Supermarkets are ending the 10 percent bonus pay provided to staff - causing anger among workers who say they are feeling crushed by the decision.
Countdown and Foodstuffs has been giving the bonus since the country moved into Covid-19 alert level 4, but First Union said it will not be handed out beyond the coming week.
Its secretary for retail, finance and commerce Tali Williams, said after workers finally got the recognition they deserved, Countdown and Foodstuffs do not believe they are worth the living wage.
"Workers are risking their safety, often for poverty wages, so that the rest of us can stay home and eliminate the spread of Covid-19 in New Zealand as we've been asked to do," she said in a statement.
"Many supermarket workers are telling us that they're scared and stressed, overworked and struggling with rent, and the 10 percent bonus from employers was one of the only things keeping them afloat."
Williams said there had been no such problems for the supermarkets themselves, which have been "raking it in".
"Workers tell us that demand for groceries has literally doubled in recent weeks as New Zealanders are cooking at home, not to mention the initial panic buying rush," she said.
"Nobody should be earning less than the living wage while they put their lives on the line during a pandemic that has already killed over 180,000 people globally where essential workers are especially vulnerable."
Williams said Countdown workers will get their bonus payment in a lump sum in mid-May, while Foodstuffs workers have had their bonus included in their regular payslip.
"This bonus recognised not only the essential service our team have been providing New Zealanders, but also the weeks before the lockdown when our supermarkets and supply chain experienced incredibly high levels of demand," a spokesperson for Countdown said.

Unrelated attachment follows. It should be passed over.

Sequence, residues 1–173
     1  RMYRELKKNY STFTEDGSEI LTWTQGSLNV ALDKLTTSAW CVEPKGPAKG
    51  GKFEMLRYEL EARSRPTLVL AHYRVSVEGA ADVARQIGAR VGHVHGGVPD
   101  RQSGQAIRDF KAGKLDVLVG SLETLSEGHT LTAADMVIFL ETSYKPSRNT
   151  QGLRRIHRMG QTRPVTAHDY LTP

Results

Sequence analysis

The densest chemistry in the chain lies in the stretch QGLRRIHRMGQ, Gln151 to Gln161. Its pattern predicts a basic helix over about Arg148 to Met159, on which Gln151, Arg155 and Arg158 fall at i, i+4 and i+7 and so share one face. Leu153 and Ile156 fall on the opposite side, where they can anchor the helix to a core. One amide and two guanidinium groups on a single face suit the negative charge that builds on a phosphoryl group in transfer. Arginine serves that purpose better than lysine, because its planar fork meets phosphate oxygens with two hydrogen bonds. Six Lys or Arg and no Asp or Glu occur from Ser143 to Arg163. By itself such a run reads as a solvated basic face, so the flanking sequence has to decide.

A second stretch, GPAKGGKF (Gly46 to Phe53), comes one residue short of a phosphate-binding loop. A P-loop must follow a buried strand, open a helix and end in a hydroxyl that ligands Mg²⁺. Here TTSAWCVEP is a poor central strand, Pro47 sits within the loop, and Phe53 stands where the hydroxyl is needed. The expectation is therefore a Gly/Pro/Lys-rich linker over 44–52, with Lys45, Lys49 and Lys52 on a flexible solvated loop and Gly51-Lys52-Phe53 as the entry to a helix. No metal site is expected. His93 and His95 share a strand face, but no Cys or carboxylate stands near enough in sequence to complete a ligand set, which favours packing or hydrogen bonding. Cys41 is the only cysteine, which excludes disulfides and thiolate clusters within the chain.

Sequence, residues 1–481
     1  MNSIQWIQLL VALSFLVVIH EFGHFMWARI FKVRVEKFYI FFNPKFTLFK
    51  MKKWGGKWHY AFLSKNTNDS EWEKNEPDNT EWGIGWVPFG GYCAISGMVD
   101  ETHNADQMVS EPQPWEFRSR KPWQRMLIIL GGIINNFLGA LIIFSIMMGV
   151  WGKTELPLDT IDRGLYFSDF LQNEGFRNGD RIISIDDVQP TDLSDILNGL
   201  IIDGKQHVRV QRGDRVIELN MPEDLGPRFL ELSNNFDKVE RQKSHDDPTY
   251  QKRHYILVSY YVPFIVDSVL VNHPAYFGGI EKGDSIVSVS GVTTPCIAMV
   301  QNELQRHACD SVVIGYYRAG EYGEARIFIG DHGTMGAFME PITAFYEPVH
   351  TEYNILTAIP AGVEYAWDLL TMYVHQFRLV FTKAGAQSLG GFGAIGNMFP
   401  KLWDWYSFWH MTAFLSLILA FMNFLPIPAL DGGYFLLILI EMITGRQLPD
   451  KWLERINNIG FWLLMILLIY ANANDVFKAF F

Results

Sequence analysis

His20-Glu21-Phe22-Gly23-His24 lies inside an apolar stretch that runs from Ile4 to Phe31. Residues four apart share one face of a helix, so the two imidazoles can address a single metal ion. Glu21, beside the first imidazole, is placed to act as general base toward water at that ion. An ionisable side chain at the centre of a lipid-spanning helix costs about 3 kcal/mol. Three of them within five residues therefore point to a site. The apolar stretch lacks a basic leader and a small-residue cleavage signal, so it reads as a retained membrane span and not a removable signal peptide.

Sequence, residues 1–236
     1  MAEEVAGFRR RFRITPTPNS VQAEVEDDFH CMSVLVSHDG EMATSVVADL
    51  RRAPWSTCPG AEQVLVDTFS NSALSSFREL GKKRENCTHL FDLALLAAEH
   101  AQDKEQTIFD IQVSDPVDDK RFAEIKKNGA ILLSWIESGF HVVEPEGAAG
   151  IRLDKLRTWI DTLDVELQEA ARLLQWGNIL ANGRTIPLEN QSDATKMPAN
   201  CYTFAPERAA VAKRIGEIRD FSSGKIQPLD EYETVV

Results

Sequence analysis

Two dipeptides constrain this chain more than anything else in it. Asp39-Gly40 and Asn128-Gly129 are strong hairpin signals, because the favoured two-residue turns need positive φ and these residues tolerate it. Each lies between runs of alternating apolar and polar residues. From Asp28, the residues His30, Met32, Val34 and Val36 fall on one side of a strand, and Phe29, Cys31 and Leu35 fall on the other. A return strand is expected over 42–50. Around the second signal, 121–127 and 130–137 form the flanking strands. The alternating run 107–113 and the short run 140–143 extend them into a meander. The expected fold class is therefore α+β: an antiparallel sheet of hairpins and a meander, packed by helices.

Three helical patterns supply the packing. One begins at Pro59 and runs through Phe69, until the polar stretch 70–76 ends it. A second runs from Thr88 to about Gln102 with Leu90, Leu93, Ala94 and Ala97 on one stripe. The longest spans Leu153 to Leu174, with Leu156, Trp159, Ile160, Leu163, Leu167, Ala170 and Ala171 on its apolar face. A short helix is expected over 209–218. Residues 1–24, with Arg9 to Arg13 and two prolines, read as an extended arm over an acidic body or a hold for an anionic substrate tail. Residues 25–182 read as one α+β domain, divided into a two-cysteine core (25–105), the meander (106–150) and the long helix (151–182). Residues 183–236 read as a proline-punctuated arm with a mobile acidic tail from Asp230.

They said since the bonuses they have also recruited around 2000 new team members to help the business get back to normalcy and create less stress.
Countdown will continue to pay staff members who cannot work because they are deemed to be high risk to Covid-19, and staff members will also continue to get an increased food discount of 10 percent, the spokesperson said.
A spokesperson for Foodstuffs said the bonus was originally put in place to recognise the extra demands put on staff during the busy four-week period of alert level 4.
They said they have extended the bonus until Monday 27 April , the final day of alert level 4.
"As the country moves out of alert level 4 it makes sense that wages return to normal and owners usual business processes pick up again including undertaking employee pay reviews and rewarding their teams independently for their hard work."
Public urged to show support
"We're calling on New Zealanders to bring a heart, draw a heart, wear a heart when you're doing your normal shopping over the coming weeks," Williams said.
"Get creative - involve your kids and your families - and display or wear your support proudly when you're visiting the supermarket as normal during level 3."
She said an A4 or A3 bit of paper "fits nicely onto the front of a supermarket trolley" - so people can show their message of support for workers while calling on the supermarkets to "show some heart" and continue paying workers fairly.
Supermarket workers react
Supermarket workers declined to comment to RNZ directly, as they are advised in their contracts not to speak to media.
But in anonymous statements, some said the 10 percent pay rise had really helped them after their total household incomes took a hit, and they were worried that pressure would not necessarily go away when restrictions ease.
Some said they had never expected the 10 percent pay rise to be extended, so it wasn't a disappointment.
Others said they didn't even know about the pay rise until today, with their managers now promising to backpay them the extra wages, in a lump sum.
Outside Pak N'Save supermarket in Glen Innes, people had mixed reactions to the idea of the pay bonus continuing.
Two, who were essential workers themselves, noted that people across most other industries had taken big pay cuts.
"I'm working full time - in fact, I'm busier than I've ever been and my missus is busier than she's ever been. We've both taken large pay cuts to keep our businesses going and ticking over through this issue. [Supermarket workers] are in an industry that's actually surviving quite nicely and at least they've got their jobs," one said.
"I'd be more concerned about sharing that money around with people that actually need it.
"I know everyone likes to be paid more, but this was an extraordinary situation," another person said.